The Man in the Sea Museum to Celebrate 60th Anniversary


By Steve Mulholland, Executive Director, Man in the Sea Museum

The Man in the Sea Museum will be celebrating the 60th Anniversary of SEALAB in Panama City Beach, Florida July 19 and 20, 2024, and will sponsor events honoring their historic efforts. This will be a national celebration. The Man in the Sea Museum is working with SEALAB veterans across the country to coordinate their participation and deliver support where needed. This recognition includes the engineers, logistics experts, photographers, support personnel, and family members who were vital in making SEALAB a success. The events include a Hero’s Banquette for the Aquanauts on July 19 and a town celebration at the Museum on July 20.

Man In The Sea Sealab I Being Lowered 1964In July 1964, a brave group of pioneers led by Captain George F. Bond set out to test the limits of physical endurance and conquer a hostile undersea frontier. They achieved the world’s first-ever open ocean Saturation dive. The success of SEALAB was a pivotal event for diving and advanced man’s continued undersea exploration. SEALAB also introduced the world to the U.S. Navy Aquanauts. These American heroes set the foundations for all future deep diving capabilities used by military and commercial divers across the globe today.

Following the successful SEALAB I experiment, the crew of the Navy’s newly designated “Man-in-the-Sea Program” set their sights on a brand new, much more sophisticated habitat that would be used for the SEALAB II experiment in 1965 and SEALAB Ill experiment in 1969. The planned experiments would conduct further research that started with the SEALAB I experiment. In the meantime, SEALAB I came back to the Mine Defense Laboratory in Panama City. Senior Engineer Bill Culpepper, who also engineered SEALAB II, found a great use for the SEALAB I habitat. It went through several modifications, including a new conning tower (so larger equipment could be lowered into the habitat rather than going through the smaller hatch in the underside) and a black and white paint scheme.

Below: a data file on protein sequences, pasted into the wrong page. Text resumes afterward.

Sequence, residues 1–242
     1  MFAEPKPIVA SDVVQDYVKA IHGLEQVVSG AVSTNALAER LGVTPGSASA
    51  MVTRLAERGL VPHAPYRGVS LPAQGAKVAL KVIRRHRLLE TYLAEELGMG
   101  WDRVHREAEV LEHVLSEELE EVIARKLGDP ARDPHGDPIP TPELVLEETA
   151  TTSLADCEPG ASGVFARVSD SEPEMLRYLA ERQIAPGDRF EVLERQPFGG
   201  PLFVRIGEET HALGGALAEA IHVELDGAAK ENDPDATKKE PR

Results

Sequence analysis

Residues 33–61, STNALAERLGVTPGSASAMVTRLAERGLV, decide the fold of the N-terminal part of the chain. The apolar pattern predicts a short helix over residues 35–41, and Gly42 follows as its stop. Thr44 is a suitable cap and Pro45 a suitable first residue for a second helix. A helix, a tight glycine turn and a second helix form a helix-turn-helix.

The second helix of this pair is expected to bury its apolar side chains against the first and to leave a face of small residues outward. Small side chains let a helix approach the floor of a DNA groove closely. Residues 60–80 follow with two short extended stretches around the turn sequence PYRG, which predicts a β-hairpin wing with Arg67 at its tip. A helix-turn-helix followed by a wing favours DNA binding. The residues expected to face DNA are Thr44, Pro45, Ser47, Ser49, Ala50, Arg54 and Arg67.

Man In The Sea Sealab I Team 1964SEALAB I would become a major component of the STEP (Submerged Test Engineering Platform) Program. It was lowered to its new home about two miles off the coast of Panama City in the Gulf of Mexico next to the Navy’s Stage Il Research Platform. During its time in the STEP Program, SEALAB I became an underwater laboratory for a series of equipment and procedures testing to be used in the forthcoming SEALAB III experiment and future Man-in-the-Sea projects.

Located in Panama City Beach, the Man in the Sea Museum has had the privilege of maintaining SEALAB I on site. The museum was started by a group of SEALAB Aquanauts back in the early ‘80s after they retrieved SEALAB I from the Gulf of Mexico where it had been sitting in 60 feet of water for about 10 years. The Navy had conducted equipment testing on it, but for the most part it had just been rusting away in place. These Aquanauts still had the pull to get the Navy to bring SEALAB I back to the surface and finally to the Man in the Sea Museum site.

For over 40 years, the Man in the Sea Museum has been a beacon of maritime history, education, and exploration in our community. Through engaging exhibits, educational programs, and preservation efforts, we strive to inspire curiosity, promote ocean conservation, and honor the pioneers of underwater exploration.

Our museum serves as a vital educational resource, welcoming students, families, and
enthusiasts alike to discover the wonders of the deep sea. From showcasing historic diving equipment to highlighting the achievements of underwater pioneers, each exhibit tells a story of adventure, innovation, and the enduring spirit of exploration.

To learn more about their 60th Anniversary event or programs and events, reach the museum at (850) 235-4101 or visit their website at Located at 17314 Panama City Beach Parkway. They are open to the public Wednesday – Saturday, 10 a.m. – 4 p.m.